Victoria is an amazing place to live simply because we have so many options when it comes to stores and restaurants that let you bring your own containers. Everyone from Bulk Barn to Thrifty Foods to Bin 4 for your leftovers will let you bring your own containers, if you ask. Hearing no is not the end of the world, be polite and try again next time you’re in. If we don’t ask for it, nothing will change. Power to the people, people are the power and all that.

Wrap and Roll doesn’t even bat an eye when I show up with my old Baan Thai take out containers and ask for my weekly 10 dalmatas and however many Fatayers they have left – if you ever invite me to a potluck, 100% this is what I’m bringing.

A weekly trip to Zero Waste Emporium keeps me well stocked and low waste. As I run out of items at home, I clean the containers and put them in my trunk over the course of the week when I head over every Sunday afternoon I know all the jars are in there. After constantly forgetting what each jar needed to be refilled with, I have started labelling them so my grocery list is right on the jars themselves.

I also tend to run in for a delicious chocolate protein cookie anytime I walk by – which needs NO PACKAGING; you pay for it then just grab it out of the bin! (with the tongs of course #germs)

Take a BREAK

In this crazy age of busy being oh so glorified, maybe get your food to stay. Get that sandwich on a plate and sit down – maybe even leave your phone in your pocket. I let myself buy lunch 1 day per work week and I can honestly say, it’s way more enjoyable when I sit down and eat it at whichever small to-go place or cafe I choose. It’s a way to relax more and be a little nicer to the earth.

Eating doesn’t have to be a long or drawn out event, if you only have 10 minutes try getting your sandwich on a plate rather than in a bunch of wrapping. Your brain may even like it more too.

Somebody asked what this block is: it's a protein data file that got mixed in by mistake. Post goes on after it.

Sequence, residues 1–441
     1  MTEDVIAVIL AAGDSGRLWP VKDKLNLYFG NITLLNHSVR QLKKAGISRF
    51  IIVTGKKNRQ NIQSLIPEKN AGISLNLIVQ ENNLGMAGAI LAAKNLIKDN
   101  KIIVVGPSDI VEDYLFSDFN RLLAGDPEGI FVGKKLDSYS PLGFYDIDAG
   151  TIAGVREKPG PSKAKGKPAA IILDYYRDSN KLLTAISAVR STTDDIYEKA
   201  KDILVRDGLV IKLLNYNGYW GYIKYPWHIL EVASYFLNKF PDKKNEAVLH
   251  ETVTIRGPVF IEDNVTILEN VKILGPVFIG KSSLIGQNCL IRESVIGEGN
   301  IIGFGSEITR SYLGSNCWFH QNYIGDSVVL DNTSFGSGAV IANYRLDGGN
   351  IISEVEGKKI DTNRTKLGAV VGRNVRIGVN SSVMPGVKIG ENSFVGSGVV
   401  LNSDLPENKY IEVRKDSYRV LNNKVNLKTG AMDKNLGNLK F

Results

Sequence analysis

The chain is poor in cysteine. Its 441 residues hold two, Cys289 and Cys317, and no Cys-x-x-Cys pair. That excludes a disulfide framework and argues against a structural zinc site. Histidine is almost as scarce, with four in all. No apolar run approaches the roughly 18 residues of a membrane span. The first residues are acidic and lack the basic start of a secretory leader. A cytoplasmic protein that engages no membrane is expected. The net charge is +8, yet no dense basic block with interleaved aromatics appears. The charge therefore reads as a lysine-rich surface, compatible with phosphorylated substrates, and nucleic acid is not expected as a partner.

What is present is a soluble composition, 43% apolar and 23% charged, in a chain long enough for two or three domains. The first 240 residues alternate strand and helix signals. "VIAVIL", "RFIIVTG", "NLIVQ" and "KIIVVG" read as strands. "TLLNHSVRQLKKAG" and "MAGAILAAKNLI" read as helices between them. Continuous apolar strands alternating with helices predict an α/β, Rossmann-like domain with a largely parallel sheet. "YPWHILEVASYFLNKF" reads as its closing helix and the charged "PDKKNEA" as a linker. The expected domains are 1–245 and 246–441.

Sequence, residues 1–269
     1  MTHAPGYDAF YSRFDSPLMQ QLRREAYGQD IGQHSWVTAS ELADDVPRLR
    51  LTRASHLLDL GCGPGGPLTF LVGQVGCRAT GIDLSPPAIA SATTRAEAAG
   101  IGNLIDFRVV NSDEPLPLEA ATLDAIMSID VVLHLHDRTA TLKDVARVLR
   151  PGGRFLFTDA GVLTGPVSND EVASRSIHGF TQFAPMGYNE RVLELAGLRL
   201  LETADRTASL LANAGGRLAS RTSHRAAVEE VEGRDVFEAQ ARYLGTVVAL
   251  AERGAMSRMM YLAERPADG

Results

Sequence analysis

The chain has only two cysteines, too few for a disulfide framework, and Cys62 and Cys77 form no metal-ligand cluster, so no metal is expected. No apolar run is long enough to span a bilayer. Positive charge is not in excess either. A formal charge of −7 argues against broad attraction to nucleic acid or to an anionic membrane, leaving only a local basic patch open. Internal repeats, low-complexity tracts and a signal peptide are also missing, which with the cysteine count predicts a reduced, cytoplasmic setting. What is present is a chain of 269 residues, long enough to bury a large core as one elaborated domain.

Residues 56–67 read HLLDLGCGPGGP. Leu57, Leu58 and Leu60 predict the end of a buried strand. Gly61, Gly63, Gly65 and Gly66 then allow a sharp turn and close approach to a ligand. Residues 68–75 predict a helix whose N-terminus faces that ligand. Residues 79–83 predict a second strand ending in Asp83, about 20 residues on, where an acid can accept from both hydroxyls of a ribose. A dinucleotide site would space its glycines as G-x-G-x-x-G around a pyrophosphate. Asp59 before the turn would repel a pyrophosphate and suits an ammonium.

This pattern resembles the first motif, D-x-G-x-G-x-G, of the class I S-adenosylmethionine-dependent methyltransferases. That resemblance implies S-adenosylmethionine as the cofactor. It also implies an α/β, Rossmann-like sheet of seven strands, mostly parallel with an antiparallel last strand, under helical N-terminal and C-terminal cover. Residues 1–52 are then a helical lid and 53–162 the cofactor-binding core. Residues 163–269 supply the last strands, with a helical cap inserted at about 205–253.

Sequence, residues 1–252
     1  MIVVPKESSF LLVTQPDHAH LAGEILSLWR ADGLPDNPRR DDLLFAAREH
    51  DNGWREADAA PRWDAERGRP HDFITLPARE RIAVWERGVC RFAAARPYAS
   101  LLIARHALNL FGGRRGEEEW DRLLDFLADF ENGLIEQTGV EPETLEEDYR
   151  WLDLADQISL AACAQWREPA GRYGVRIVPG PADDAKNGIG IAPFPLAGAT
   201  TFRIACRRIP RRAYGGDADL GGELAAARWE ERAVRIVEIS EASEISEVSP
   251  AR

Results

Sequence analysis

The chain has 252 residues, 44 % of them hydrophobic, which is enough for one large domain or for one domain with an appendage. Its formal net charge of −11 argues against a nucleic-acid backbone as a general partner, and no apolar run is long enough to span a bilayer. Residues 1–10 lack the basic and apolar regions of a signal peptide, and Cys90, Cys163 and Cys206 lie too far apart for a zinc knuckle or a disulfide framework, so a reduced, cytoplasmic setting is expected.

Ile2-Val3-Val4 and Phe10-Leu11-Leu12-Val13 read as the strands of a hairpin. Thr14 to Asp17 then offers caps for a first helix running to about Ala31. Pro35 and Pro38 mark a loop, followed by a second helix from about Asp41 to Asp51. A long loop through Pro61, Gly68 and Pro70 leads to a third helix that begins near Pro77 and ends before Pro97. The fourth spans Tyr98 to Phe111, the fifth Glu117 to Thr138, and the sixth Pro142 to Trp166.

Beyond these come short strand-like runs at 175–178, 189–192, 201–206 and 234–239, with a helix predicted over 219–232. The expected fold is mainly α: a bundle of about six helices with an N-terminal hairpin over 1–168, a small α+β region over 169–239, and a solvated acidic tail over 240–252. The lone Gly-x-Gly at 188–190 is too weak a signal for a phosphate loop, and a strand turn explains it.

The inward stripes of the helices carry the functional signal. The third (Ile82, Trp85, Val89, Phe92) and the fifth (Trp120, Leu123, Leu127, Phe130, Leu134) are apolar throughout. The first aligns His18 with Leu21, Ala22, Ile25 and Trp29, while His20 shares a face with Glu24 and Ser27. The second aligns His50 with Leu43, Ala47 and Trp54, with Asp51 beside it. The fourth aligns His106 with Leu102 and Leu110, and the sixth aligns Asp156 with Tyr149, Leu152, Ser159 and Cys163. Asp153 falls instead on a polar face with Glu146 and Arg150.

The new QV coffeehouse, previously Moka house, is one of my go-to places close to my work; good food, great staff, and always quick enough to fit in over my lunch breaks. And lots of tables and chairs, what more can you ask for? Oh how about big windows and comfy cushions? Yup, they have those too.

Accept that life is hard

Everyone at some point will make some waste, and we still need to try.

With all the restaurant closures and the changes over the past few months, we have all probably made a bit more waste then we are used to. I know a few of my favourite places would not fill reusable containers and I for sure brought home more takeout containers then I thought I would. All we can do is keep moving forward in the best way we can, trying to do better next time.

If we all tried imperfectly, the world would be a much better – and less on fire – place.

A while ago I got a to-go cup at a coffee shop when my usable cup was in the car. I was in a rush and wasn’t thinking – and got a disposal to-go cup. And that’s okay. I will keep trying. Just because it’s hard doesn’t mean we shouldn’t try.

Next time maybe I can get my coffee to stay and take the much deserved break we all need.

Written by

Jessica Noble

Guest Writer